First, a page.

Another issue I've been talking about since Harper's 2009 budget, is his $50-billion a year in "starve the beast" tax cuts — all of which Trudeau supports. This on top of the Chretien tax cuts. That on top of the Mulroney tax cuts.

If no one is talking about this $100-billion (or so) that we are paying out to the rich — each and every year — the damage will never be undone. We will always be struggling to make ends meet. Always forced to make more cutbacks. Always have anemic GDP growth and always have a heavy debt burden (measured in debt divided by GDP, which can only be reduced by GDP growth — e.g., 1/3 is less than 1/2.)

The captured news media is not going to tell you taxes were cut by $100-billion a year. They are going to tell you Trudeau is Tommy Douglas.

White Cat White Cat's picture

BTW, these healthcare cuts are a double whammy because they are "pro-cyclical."

This is a very important concept in economics. Keynes invented the idea of using the government budget as a counterweight to tame boom-to-bust economic cycles. That is, counter-cyclical measures.

When the economy is in recession, spending goes up to compensate. Much of these counter-cyclical measures are built in. They are called "automatic stabilizers" (like unemployment insurance claims go up in a recession, so more government money is paid out.)

So Harper's pro-cyclical healthcare funding means it drops to the minimum when the deficit spikes in a recession because of the payouts in automatic stabilizers. That means the provinces get hit twice as hard: reduced healthcare transfers and mounting costs.

Are any pundits complaining that the Harper/Trudeau funding formula is pro-cyclical and the very opposite of sound economic fiscal policy according to macroeconomics 101?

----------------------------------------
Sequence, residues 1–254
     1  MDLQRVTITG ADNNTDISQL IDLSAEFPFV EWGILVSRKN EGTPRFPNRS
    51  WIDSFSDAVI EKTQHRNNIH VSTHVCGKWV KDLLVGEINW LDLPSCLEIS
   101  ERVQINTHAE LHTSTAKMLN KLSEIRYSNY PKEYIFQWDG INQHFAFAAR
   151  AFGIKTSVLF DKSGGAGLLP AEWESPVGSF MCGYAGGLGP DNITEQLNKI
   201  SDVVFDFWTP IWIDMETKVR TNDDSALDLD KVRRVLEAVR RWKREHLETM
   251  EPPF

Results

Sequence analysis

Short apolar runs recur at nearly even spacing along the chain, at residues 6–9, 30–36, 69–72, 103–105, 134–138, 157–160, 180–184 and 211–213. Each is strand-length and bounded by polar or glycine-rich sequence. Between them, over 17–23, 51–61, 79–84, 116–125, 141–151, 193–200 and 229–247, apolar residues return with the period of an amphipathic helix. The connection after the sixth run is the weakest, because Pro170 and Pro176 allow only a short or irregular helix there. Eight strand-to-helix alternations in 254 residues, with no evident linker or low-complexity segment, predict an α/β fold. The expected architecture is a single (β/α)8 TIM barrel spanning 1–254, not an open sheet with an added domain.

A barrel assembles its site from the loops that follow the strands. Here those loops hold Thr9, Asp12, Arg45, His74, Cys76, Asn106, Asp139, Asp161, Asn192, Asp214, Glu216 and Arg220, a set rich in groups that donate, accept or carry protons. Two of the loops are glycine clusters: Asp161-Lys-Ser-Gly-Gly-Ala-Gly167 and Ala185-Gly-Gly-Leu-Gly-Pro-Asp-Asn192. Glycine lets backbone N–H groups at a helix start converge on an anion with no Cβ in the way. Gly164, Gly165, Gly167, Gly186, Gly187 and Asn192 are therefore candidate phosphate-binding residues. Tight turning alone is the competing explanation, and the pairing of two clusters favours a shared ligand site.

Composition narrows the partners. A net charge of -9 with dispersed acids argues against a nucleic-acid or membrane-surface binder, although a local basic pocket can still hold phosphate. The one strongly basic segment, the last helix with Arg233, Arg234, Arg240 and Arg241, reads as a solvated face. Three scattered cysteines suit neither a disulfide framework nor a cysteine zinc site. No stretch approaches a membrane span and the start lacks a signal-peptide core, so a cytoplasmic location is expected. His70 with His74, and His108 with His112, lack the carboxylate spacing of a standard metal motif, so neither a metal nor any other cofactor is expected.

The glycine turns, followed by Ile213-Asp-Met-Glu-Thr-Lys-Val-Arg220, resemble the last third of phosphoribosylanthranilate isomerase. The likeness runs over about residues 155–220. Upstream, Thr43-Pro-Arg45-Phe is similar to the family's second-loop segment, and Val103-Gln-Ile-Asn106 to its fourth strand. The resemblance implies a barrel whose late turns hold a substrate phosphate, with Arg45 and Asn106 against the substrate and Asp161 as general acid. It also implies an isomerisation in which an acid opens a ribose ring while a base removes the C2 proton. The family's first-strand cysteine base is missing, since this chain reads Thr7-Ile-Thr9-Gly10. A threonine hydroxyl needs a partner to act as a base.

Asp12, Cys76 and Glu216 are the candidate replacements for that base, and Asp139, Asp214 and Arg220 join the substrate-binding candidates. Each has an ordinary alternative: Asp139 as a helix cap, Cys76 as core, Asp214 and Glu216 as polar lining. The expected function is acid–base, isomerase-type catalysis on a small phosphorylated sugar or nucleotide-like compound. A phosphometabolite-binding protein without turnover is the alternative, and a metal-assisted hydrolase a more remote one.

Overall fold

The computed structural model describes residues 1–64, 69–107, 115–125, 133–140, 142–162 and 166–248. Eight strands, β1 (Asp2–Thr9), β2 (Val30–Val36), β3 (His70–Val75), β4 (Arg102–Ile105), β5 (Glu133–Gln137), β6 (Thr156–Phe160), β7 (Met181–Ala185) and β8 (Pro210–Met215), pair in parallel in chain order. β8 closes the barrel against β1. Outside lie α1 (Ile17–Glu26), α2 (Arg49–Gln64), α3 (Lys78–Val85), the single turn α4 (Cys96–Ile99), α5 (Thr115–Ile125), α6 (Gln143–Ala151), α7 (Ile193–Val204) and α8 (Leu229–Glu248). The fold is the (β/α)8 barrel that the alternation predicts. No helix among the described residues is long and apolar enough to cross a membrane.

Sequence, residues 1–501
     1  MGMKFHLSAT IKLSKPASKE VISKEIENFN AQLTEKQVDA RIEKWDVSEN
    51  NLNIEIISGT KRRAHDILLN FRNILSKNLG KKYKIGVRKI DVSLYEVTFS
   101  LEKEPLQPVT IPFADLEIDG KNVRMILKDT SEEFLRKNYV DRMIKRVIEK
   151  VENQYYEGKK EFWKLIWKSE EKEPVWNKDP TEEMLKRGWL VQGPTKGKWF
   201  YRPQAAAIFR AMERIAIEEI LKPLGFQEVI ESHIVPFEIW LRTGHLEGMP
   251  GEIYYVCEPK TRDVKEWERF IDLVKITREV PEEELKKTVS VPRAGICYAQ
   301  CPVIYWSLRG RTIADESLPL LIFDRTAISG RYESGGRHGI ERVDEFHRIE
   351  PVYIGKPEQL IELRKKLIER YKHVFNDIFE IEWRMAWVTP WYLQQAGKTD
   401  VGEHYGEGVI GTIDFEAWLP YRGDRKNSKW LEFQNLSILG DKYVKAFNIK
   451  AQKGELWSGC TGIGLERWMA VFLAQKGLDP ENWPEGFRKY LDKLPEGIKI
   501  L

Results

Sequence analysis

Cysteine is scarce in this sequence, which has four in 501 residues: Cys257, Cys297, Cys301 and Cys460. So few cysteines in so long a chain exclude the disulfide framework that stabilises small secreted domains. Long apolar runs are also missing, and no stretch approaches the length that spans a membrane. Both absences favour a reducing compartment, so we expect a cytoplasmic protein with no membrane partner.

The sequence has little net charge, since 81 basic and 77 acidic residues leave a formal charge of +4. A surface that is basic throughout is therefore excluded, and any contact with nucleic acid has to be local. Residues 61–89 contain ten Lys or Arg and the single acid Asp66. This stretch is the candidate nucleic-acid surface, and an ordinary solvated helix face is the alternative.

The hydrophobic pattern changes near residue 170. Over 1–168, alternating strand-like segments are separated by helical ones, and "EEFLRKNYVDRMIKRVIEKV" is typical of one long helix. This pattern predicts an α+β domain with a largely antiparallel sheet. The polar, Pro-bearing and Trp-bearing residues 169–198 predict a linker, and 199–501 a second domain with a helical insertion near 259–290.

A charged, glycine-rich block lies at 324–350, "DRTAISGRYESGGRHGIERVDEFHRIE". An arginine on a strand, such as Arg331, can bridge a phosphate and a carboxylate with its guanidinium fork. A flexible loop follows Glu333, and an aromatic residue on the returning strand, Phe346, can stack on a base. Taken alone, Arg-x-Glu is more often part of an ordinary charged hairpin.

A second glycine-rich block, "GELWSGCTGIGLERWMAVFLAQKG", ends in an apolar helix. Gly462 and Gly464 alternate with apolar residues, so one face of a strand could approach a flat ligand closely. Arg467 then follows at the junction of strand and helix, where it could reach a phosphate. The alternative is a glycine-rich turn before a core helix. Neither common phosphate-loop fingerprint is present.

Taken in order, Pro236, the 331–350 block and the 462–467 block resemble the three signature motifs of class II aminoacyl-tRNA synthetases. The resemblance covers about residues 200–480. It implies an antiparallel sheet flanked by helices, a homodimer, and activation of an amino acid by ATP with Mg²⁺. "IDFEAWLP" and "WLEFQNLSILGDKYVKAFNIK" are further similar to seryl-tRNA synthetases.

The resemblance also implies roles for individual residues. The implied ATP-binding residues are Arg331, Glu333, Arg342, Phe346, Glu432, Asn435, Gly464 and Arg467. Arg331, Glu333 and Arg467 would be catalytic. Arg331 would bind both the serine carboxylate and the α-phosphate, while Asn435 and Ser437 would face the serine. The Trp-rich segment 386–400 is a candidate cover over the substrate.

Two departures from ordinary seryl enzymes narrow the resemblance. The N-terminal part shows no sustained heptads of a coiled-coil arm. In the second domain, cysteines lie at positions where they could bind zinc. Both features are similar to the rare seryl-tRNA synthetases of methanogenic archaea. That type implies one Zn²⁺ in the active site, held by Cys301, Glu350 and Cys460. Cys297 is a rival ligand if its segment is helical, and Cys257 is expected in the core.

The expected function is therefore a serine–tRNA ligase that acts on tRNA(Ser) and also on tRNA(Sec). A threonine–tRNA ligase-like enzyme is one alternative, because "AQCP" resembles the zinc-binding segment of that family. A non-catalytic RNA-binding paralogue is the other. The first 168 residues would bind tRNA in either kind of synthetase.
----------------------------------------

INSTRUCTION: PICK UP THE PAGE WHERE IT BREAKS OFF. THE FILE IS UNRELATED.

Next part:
terrytowel

Toronto MP Adam Vaughan gets into a fight with finance minister Bill Morneau over the budget.

http://www.cbc.ca/news/politics/morneau-adam-vaughan-housing-debate-1.35...

Debater

White Cat wrote:

The captured news media is not going to tell you taxes were cut by $100-billion a year. They are going to tell you Trudeau is Tommy Douglas.

That article by Chris Hall is from last Fall and appears to mainly refer to the whole deficit issue -- the fact that the Liberals were willing to run a deficit but that the Mulcair NDP wasn't.

But I agree with you that Chris Hall strikes me as one of the more Conservative reporters at CBC.

mark_alfred

*

White Cat White Cat's picture

Debater wrote:

White Cat wrote:

The captured news media is not going to tell you taxes were cut by $100-billion a year. They are going to tell you Trudeau is Tommy Douglas.

That article by Chris Hall is from last Fall and appears to mainly refer to the whole deficit issue -- the fact that the Liberals were willing to run a deficit but that the Mulcair NDP wasn't.

But I agree with you that Chris Hall strikes me as one of the more Conservative reporters at CBC.

Do you believe in your own bullshit? Or do you simply believe in nothing?

Debater

Do you have an intelligent question you want to ask, White Cat?

swallow swallow's picture

I suspect he is wondering if you have any coherent belief system that you'd like to share. 

mark_alfred

White Cat wrote:

G&M: Provinces will feel the bite when it comes to health care transfers

Konrad Yakabuski wrote:
All this activism makes the budget’s silence on health care all the more curious. Not only is there no commitment to restore the former Harper government’s cuts to provincial health transfers, which take effect in 2017, but the budget did not even follow through on Prime Minister Justin Trudeau’s campaign promise to boost spending on home care by $3-billion over four years.

The budget’s fiscal projections show that, starting next year, the Canada Health Transfer will rise in line with nominal growth in gross domestic product, rather than the 6-per-cent annual increases the provinces have pocketed in the past decade.